This weekend, there was a long piece in the New York Times about music industry macher Irving Azoff, chairman of the newly minted company Live Nation Entertainment (an amalgam of industry monoliths Live Nation and Ticketmaster). Though Azoff’s profit maximizing tactics as a manager were pretty eye-opening (the so-called “Irving Deal” which guaranteed his artists 90% of the ticket revenue was a real revelation to me), one of the most interesting parts of the article was the supposed reason why the merger was given regulatory approval in the first place.
If the merger presents so many potential hazards, why did the Justice Department approve it?
Several people familiar with the negotiations inside the department said that officials didn’t think they had much choice. According to Jim Hurwitz, a former Federal Trade Commission lawyer who wrote a paper for the American Antitrust Institute arguing against the merger, Live Nation told the government that it was going to exit the ticketing market no matter what happened with this deal and that it would enter an informal alliance with Ticketmaster if it wasn’t allowed to merge. On the other hand, if it was allowed to merge, the government could exert some control through a consent decree.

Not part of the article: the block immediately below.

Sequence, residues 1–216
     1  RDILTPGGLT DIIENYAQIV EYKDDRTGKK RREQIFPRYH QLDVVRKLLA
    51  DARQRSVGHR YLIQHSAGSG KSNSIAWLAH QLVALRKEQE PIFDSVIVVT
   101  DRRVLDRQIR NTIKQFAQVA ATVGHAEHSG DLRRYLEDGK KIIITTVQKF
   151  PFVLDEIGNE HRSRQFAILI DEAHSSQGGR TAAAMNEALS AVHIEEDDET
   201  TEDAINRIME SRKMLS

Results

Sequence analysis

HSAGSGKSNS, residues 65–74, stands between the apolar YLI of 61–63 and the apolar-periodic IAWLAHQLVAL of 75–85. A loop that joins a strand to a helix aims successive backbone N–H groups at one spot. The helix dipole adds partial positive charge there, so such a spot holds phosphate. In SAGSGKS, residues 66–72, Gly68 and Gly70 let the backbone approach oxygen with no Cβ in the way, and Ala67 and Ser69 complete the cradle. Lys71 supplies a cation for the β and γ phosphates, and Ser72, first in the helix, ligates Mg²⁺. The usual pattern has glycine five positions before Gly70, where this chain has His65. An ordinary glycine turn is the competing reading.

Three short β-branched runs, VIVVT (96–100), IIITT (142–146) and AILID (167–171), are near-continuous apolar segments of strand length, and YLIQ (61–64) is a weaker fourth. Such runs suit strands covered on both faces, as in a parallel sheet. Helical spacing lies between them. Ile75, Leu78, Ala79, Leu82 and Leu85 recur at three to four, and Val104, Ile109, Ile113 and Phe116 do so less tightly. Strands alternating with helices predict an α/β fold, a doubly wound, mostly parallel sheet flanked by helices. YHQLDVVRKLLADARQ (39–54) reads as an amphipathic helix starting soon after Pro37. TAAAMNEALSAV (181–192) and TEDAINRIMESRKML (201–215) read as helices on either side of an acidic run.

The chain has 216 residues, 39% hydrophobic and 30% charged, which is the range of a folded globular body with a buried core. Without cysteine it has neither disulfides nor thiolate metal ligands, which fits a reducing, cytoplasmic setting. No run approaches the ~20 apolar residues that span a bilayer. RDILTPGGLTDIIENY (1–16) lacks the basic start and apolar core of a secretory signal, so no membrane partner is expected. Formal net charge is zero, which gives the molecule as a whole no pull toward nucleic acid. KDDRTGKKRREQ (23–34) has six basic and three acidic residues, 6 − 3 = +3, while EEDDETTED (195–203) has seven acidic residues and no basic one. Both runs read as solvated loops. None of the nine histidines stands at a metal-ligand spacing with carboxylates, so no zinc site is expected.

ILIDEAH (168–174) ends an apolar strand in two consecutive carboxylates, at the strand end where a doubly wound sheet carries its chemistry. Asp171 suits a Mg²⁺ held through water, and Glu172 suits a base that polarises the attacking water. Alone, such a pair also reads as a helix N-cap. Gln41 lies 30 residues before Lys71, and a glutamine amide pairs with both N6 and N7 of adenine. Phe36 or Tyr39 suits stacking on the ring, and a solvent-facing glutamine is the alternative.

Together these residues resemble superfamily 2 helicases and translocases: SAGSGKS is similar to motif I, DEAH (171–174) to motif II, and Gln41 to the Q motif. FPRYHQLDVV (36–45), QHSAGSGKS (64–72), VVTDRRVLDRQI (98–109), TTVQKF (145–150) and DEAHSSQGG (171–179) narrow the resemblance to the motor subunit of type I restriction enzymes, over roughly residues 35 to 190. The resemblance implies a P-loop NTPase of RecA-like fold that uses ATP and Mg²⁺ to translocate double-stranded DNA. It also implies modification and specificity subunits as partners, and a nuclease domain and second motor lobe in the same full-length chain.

In other words, Mr. Hurwitz explained, the choice presented to the Justice Department was this: either let us get married and have a say in our union or try to stop us — in which case, we’re just going to start seriously dating. “My sense also is that Justice was worried about its prospects if it went to court, and it didn’t want to lose its first major case,” Mr. Hurwitz says. [NYTimes.com]